On September 7-8, 2017 the San Bernardino Alliance hosted an InTeGrate/NAGT teaching workshop. The 20 participants included eight CSUSB geoscience faculty members (4 tenured/tenure-track and 4 lecturers), one geology faculty member from University of California, Riverside, two community college geology faculty and two high school science teachers. The remaining participants were CSUSB faculty from other departments. Each CSUSB participant is implementing at least one new pedagogy or InTeGrate lesson or module from the workshop. Participants are meeting for three brown-bag lunches after the workshop (Nov. 6, Nov. 27 and January 31) to present and discuss their implementation projects. Once the implementation pilots and reporting are completed, participants from CSUSB will be paid a stipend from CSUSB's quarter-to-semester curriculum development budget.

Use geoscience to address a local need or problem

So far we have been focusing on earthquakes as the local problem. This is a serious problem, but is not necessarily perceived as urgent by the local community. The Southern California Earthquake Center provides a good example of how the geoscience community contributes to addressing the earthquake problem in Southern California through scientific research, internships for students, public information on earthquake preparedness, and knowledge-transfer activities between earthquake scientists and engineers. Our San Bernardino Alliance can help to disseminate some of SCEC's outstanding contributions to the greater San Bernardino area. We also are developing a service learning project in which students from CSUSB, Chaffey Community College, and Etiwanda High School will help the San Bernardino County Office of Emergency Services to estimate what magnitude earthquake is being simulated by their earthquake simulator. This project will provide students with experience measuring earthquake shaking with a QuakeCatcher sensor, quantifying the amplitude of shaking, and then thinking about other factors besides magnitude (e.g., distance from hypocenter) that affect the amplitude of shaking at a given location.

Connect learning opportunities at multiple educational levels

The diagram above illustrates the existing pathways for students from the San Bernardino region who are interested in geosciences, along with the three interventions we are implementing to strengthen those pathways. Intervention 1 is an NAGT/InTeGrate traveling workshop was hosted at CSUSB on September 7-8, 2017. This workshop focused on using active learning pedagogy and societally relevant content to improve the engagement of students in introductory geoscience courses at the university, community college and high school level within the San Bernardino region. Intervention 2 includes planning joint activities for students in the geology clubs at local high schools, community colleges and universities with representatives who are professional geologists (e.g., field trips, guest speakers, and visits to the dinner meetings of local geoscience professional organizations), so that students at earlier stages of the geoscience pathway will have opportunities to meet and interact with students and faculty who are from institutions that represent later stages in the pathway as well as with geologists who are engaged in various careers. Students from CSUSB, Chaffey College and Etiwanda High School participated in a joint field trip to the San Andreas fault in March 2017, and a joint service learning project is in the planning stages. Intervention 3 provides support for high school faculty who are interested in and qualified to teach a college-level geoscience course at their high school. High school students who pass such courses can earn credit for Geol 101 at CSUSB, thus facilitating their progression from high school into college and their awareness of geoscience as a field of study.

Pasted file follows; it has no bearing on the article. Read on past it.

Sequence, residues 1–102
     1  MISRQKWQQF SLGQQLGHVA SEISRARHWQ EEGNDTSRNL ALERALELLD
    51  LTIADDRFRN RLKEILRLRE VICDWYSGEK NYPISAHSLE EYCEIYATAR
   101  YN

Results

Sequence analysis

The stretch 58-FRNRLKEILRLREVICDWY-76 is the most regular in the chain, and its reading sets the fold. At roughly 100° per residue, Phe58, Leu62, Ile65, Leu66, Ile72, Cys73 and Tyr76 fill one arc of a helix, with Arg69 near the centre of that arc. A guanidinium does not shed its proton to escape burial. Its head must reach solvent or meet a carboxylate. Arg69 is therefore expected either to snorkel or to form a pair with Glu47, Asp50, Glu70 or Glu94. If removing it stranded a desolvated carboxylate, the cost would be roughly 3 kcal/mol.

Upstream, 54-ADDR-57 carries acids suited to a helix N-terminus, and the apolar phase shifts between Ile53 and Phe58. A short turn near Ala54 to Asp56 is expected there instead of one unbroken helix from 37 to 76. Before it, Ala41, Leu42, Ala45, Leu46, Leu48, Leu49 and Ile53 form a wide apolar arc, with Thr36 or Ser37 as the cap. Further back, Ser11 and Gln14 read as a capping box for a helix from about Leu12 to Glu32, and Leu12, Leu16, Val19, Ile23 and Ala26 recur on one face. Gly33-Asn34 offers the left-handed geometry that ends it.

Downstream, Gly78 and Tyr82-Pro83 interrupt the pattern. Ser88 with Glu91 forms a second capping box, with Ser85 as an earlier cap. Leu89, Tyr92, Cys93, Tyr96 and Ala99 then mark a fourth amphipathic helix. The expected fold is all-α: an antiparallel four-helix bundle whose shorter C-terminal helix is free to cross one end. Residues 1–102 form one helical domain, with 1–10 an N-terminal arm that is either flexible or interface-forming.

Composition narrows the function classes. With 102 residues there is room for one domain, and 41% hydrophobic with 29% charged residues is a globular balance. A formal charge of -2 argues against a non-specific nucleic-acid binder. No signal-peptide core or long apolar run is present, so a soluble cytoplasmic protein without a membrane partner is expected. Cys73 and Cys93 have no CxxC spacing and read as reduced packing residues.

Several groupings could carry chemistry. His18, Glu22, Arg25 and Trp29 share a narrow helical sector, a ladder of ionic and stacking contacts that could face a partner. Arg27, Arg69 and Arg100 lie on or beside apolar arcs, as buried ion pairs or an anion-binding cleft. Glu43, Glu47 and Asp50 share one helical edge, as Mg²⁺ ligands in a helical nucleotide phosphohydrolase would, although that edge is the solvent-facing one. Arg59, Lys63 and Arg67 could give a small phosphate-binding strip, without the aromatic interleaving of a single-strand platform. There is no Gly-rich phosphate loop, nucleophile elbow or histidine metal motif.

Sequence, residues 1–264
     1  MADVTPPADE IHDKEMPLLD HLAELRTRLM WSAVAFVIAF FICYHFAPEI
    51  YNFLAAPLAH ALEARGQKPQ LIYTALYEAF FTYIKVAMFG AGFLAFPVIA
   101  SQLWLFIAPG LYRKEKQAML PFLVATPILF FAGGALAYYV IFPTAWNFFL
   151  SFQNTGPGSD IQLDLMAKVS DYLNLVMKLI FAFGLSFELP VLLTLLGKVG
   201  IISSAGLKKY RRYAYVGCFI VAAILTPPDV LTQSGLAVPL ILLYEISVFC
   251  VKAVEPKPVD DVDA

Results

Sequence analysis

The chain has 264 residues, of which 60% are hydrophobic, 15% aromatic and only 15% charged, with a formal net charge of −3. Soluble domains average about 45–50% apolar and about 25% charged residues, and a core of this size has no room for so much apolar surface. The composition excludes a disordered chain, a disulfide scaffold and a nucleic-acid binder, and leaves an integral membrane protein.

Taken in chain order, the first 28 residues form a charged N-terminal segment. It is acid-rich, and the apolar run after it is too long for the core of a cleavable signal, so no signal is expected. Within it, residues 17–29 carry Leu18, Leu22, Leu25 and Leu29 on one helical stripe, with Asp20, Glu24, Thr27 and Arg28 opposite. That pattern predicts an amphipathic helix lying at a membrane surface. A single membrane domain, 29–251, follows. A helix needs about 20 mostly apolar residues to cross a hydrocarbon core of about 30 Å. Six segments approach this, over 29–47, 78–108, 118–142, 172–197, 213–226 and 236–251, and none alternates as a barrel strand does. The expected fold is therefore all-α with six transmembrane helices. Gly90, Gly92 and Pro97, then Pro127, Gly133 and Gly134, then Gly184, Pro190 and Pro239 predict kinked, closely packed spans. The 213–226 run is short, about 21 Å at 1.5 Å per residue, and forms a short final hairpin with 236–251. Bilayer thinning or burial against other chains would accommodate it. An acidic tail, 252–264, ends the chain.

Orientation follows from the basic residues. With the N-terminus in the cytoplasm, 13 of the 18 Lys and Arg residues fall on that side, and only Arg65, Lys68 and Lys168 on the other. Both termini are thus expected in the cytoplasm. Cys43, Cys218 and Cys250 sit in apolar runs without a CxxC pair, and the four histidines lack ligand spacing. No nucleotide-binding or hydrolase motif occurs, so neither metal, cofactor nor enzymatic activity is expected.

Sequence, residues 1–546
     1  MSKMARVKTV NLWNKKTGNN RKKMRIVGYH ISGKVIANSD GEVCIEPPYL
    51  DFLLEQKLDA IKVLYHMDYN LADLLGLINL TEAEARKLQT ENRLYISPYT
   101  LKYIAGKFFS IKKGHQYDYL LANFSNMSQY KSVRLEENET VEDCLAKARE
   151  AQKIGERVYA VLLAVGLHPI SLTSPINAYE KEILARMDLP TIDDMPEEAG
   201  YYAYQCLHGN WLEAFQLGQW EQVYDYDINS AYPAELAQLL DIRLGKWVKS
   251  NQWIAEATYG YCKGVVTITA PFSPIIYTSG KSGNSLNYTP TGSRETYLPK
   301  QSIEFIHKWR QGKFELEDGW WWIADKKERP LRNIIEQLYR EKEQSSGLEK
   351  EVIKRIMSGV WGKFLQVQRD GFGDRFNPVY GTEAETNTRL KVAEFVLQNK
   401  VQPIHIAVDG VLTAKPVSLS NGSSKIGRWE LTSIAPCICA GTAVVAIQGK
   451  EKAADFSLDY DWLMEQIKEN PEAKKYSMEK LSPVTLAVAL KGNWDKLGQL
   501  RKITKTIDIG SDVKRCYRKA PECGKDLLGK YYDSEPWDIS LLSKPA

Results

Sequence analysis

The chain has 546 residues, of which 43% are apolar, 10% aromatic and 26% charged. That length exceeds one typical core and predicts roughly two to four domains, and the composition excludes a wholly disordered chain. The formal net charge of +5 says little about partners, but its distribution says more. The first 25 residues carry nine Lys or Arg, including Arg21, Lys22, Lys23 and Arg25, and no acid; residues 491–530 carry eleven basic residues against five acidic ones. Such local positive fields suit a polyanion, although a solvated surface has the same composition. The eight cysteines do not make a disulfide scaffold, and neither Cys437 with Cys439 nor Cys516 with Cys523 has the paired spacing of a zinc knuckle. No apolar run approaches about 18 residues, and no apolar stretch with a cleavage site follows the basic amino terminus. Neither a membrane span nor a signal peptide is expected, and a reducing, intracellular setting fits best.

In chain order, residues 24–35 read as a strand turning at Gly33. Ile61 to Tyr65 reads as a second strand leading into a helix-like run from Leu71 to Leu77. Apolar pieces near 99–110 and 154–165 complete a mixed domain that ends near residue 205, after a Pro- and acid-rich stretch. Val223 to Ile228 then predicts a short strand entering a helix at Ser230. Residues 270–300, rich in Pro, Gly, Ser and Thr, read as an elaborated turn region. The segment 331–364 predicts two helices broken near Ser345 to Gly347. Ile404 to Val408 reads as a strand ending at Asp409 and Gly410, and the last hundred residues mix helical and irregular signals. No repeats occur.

Coupled classroom and service learning opportunities

A service learning project with the San Bernardino County Office of Emergency Services for students from the three participating educational institutions is in development.

Mentoring and signposting support students

The joint activities between high school, community college and university geology clubs, with inclusion of professional geologists provide opportunities for mentoring between faculty and students as well as between students at different educational levels, and between professional geologists and students. At our joint field trip to the San Andreas fault in March 2017, current students from the three institutions interacted with a professional geologist who is also a CSUSB alumnus, and a current CSUSB graduate student about graduate school and careers in the geosciences.